SAO PAULO/BRASILIA (Reuters) – Brazil’s presidential campaign, already the most divisive since the end of military rule three decades ago, is growing increasingly polarized each day and raising concerns about the future of the country’s democracy.
Less than three weeks before the vote, surveys from the Ibope and Datafolha polling firms show the middle has collapsed, with the electorate rejecting any centrist and gravitating to opposite ends of the political spectrum.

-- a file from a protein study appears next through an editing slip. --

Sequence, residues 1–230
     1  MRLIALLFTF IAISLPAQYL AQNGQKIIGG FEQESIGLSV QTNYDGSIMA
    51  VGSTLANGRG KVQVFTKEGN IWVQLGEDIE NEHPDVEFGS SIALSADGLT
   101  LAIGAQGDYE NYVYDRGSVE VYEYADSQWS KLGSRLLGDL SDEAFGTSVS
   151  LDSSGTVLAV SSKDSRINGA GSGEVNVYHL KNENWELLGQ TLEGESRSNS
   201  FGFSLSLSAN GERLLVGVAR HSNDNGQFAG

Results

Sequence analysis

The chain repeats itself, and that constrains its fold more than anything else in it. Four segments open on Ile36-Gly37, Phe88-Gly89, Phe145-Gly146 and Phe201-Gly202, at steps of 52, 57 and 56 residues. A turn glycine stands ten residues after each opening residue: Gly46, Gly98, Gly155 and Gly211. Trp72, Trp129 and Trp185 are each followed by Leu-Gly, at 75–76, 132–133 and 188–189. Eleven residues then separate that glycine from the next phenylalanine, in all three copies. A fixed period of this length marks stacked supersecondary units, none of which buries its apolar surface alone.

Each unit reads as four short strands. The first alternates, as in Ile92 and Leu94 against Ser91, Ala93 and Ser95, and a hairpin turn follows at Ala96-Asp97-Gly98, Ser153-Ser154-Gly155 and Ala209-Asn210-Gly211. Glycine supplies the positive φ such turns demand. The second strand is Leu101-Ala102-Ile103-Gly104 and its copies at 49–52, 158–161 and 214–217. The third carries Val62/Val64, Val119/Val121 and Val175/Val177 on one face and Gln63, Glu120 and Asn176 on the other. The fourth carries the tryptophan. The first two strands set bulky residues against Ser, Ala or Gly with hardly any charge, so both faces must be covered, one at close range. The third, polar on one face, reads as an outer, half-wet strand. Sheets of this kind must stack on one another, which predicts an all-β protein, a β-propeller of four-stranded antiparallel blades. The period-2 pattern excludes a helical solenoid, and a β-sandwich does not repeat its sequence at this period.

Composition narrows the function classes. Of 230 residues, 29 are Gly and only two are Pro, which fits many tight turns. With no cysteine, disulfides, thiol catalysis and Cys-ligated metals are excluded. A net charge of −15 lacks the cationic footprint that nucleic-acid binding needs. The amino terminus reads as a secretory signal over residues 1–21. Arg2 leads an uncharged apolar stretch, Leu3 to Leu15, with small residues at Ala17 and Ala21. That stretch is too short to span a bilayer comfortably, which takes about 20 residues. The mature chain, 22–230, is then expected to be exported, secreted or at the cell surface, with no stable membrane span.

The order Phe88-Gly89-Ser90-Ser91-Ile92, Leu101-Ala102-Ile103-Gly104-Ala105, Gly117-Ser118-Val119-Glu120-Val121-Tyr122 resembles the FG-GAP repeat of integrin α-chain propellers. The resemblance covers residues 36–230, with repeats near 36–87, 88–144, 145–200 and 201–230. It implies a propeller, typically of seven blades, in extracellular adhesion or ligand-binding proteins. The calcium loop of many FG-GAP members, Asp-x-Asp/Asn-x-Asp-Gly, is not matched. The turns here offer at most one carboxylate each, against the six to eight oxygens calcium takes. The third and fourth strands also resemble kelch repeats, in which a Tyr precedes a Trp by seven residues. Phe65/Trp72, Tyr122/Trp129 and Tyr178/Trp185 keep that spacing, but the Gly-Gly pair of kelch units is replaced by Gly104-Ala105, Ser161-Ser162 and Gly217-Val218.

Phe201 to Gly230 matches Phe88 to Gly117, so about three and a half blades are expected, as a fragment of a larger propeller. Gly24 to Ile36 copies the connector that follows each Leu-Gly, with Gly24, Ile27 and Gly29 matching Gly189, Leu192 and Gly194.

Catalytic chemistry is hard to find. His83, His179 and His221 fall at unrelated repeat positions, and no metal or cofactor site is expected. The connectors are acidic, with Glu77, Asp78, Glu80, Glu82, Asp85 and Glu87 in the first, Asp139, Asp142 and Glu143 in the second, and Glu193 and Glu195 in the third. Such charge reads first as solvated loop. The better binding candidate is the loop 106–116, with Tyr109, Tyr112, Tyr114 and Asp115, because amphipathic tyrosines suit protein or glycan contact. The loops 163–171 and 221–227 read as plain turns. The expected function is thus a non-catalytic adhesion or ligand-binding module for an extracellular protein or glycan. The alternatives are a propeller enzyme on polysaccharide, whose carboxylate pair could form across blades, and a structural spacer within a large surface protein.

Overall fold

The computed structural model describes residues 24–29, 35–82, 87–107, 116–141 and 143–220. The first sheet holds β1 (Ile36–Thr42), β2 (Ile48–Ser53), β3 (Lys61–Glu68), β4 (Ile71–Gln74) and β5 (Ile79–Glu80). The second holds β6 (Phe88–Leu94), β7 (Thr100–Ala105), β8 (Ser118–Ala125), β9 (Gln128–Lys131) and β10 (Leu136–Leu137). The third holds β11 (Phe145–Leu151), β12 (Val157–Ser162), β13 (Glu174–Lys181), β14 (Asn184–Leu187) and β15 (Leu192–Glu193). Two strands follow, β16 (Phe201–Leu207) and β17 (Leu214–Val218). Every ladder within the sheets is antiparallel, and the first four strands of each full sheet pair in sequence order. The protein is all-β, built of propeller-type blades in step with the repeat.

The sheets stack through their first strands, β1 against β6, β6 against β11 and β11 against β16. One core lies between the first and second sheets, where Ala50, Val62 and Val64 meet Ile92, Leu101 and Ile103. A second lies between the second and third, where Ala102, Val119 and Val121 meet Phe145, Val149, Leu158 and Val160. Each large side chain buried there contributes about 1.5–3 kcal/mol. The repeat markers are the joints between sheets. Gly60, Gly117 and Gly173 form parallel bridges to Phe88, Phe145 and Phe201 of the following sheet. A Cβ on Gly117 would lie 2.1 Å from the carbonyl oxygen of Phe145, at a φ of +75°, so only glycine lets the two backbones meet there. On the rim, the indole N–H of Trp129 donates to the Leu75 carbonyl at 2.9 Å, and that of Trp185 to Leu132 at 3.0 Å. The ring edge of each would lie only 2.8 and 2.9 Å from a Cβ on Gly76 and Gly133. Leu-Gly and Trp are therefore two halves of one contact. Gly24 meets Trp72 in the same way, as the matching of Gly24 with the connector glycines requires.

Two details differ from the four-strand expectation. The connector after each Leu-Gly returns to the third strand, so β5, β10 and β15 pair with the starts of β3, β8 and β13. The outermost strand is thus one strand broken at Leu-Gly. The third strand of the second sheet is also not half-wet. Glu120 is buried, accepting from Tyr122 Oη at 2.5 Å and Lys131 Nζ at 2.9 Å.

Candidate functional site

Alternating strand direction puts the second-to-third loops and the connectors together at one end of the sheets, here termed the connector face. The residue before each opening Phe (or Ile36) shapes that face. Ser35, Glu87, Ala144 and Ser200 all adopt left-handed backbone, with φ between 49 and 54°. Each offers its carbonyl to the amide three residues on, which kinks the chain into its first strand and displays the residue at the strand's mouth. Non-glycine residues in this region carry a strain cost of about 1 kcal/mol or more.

On the far right is front-runner Jair Bolsonaro, a retired army captain, who has emerged from a Sept. 6 assassination attempt more radical than ever.
In a Facebook video, viewed over 7 million times by Wednesday, Bolsonaro said that if he loses the election, it would only be because the leftist Workers Party (PT) had rigged the voting system. That electrified an already tense political landscape.
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